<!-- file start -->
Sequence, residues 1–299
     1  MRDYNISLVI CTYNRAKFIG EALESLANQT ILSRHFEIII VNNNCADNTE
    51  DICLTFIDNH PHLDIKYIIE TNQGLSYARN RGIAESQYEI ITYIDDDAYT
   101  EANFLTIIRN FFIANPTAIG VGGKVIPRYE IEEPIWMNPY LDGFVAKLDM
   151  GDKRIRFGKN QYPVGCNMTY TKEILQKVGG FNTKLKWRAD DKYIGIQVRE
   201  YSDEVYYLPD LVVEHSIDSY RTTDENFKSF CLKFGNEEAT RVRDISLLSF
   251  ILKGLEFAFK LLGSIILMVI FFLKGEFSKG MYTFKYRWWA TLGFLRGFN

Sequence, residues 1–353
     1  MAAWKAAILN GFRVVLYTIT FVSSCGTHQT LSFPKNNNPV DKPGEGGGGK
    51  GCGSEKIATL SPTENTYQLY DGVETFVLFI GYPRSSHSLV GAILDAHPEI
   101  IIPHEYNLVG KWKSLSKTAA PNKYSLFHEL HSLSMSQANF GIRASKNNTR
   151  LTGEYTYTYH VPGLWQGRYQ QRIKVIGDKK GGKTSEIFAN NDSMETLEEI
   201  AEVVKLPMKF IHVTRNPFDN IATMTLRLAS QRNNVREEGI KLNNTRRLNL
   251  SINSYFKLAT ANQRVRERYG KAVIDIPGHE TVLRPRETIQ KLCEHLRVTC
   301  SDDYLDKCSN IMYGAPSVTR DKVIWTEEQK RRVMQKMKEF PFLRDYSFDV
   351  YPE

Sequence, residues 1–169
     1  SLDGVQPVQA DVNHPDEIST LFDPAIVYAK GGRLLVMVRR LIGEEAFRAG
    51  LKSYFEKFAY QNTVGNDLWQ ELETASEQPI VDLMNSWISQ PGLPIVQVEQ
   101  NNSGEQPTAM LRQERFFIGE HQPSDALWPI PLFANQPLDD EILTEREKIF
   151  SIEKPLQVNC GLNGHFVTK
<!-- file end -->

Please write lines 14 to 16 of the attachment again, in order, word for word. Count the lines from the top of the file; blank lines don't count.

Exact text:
   251  SINSYFKLAT ANQRVRERYG KAVIDIPGHE TVLRPRETIQ KLCEHLRVTC
   301  SDDYLDKCSN IMYGAPSVTR DKVIWTEEQK RRVMQKMKEF PFLRDYSFDV
   351  YPE